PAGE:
Loxo Blog

Preparing your candidate for a job interview is a lot like giving them dating advice.

You may have recruited the best candidate for a job at one of the most coveted employers in your industry, but unless both parties ace that interview, your efforts are all for not.

Interviews, like dates, can intimidate the most confident of candidates, but there is one clear cut way to prepare your candidates for success.

Think back to your last amazing “first date.” You may have been smitten from the beginning but if your date had not shown interest in you, the relationship would have ended right then and there.

Your date probably left you feeling awkwardly giddy because he or she was interested in you too. They didn’t just listen to or answer your questions; they asked about your experiences and perspectives too.

Much like an amazing date, an amazing interview is two-sided. Even if a candidate has all of the right answers, if they are not expressing interest in the employer, the conversation will end after round one.

The best way to prepare your candidate for the best date (or interview) of their life, is to help him or her figure out what questions to ask their interviewer.

In fact, every candidate regardless of industry or position, should expect the same question at the end of every interview:

“What questions do you have for us?”

Asking great questions has two powerful outcomes for your candidate:

  1. Asking great questions helps the interviewer to know that a candidate cares enough about the role, that they took time to research and prepare for the conversation. Much like a date, if you showed up only to talk about yourself, your date would leave thinking you weren’t interested in what they brought to the table.
  2. Asking the right questions can position a candidate as the most qualified person for the role. When your candidate asks questions tailored to the role they are pursuing, they are seen as someone who understands the needs of the organization and is capable of meeting expectations.

Even the most confident and senior of employees can fumble under pressure though. If they know what questions to ask — and what responses they hope to hear — they can leave any conversation knowing they have the answers they need to make a decision and leave their interviewer impressed.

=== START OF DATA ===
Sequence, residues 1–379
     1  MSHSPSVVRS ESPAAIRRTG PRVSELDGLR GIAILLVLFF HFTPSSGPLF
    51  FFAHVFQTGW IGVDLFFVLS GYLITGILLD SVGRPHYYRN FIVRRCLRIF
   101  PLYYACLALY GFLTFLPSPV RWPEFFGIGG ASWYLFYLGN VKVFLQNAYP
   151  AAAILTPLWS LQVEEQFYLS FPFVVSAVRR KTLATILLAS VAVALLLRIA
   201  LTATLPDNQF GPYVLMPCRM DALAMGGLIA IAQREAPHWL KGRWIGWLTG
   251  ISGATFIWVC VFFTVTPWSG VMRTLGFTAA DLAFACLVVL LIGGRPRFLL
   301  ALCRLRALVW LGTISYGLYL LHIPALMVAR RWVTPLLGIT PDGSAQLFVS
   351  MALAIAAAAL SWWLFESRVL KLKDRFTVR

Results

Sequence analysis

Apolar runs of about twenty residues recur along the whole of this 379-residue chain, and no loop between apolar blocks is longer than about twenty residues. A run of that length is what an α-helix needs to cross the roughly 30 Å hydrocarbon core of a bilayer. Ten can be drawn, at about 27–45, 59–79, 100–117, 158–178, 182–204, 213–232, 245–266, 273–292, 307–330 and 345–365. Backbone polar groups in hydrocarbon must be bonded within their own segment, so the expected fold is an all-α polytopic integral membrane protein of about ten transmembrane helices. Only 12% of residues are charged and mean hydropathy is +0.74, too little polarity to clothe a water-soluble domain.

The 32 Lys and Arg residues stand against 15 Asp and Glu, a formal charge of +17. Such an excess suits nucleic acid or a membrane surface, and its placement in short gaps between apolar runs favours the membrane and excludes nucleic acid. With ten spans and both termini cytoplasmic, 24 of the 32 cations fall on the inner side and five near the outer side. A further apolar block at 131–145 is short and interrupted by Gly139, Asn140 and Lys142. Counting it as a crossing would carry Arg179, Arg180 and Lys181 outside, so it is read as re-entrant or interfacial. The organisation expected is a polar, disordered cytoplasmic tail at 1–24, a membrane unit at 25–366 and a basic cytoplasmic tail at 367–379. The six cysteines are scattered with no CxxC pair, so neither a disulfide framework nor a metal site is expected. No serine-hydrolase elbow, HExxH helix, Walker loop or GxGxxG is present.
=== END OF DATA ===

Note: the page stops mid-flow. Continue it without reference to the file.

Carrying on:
Whether your candidate is going into an interview or a date, the best advice you can give them is how to express genuine interest in a role they are working toward.

As their recruiter, you are the only person that knows their sincere interests, concerns and requirements. Because you have identified your candidate’s needs, you can help them come up with questions that garner transparent answers and position them as the best person for the job.

The following questions will show any hiring manager that your candidate is excited about their potential role and is serious about understanding the organization’s values and cultural norms.

  • How has this position evolved? Why is this position open?
  • What does a successful hire look like for this role?
  • How have previous employees succeeded in this role? What are the qualities of successful employees at this organization?
  • What have you enjoyed most about working here?
  • If offered this position, what are some ways that I would collaborate with my manager?
  • What challenges will the person who fills this role face?
  • How does your organization celebrate successes and deal with failure?
  • What are the top priorities for the person in this role over the next 2–3 months?
  • How do you think my experience to date would add value to your team?
  • Is there anything else that I can share with you that would help you determine I am the right person for this job?
  • What have you enjoyed least about working here?

Then, there are questions not to ask. Just ask any hiring manager if they’ve wanted to disqualify an otherwise great candidate because they started negotiating a starting salary before they were asked to come back for a second interview.

Share these quick tips with your candidate before their interview — you know, just in case they get nervous under fire.

  • Steer clear of asking questions that can easily be found on the employer’s website or in the job description that was provided to you. Asking questions about the vision of the company, when it is touted across every page of the employer’s website, makes it clear that you didn’t do your research.
  • Avoid asking about perks of the job until you’ve received an offer. If you ask about perks too early in the game, it may seem like you’re more interested in the benefits than the work. You wouldn’t ask a first date if you could celebrate the 4th of July on their parents’ boat would you? Don’t ask your future employer about their vacation policy in your first interview either.
  • Diva-like attitudes are not a fit for any company. Asking questions about how the hiring manager can accommodate you in your new work space will make it clear that you are going to be difficult to manage.
  • Do not ask questions that make you seem untrustworthy. Even if you are wondering if a drug test is the next step in the interview process, you never want to make it seem like you have something to hide.

You are great at what you do and we know you have top-of-the-line candidates, but unexpected questions come up when nerves are abundant.

If your candidate is uneasy about their upcoming interview, offer to set up a mock interview that focuses on questions to ask.

As coach used to say, “Practice doesn’t make perfect. Perfect practice makes perfect.”

Our team wants to help you make the perfect hire so please do use our blog as a content resource for your marketing efforts. Share some of these key points in a PDF with your letterhead or just email these tips to your candidates who are preparing for their next interview.

Loxo Blog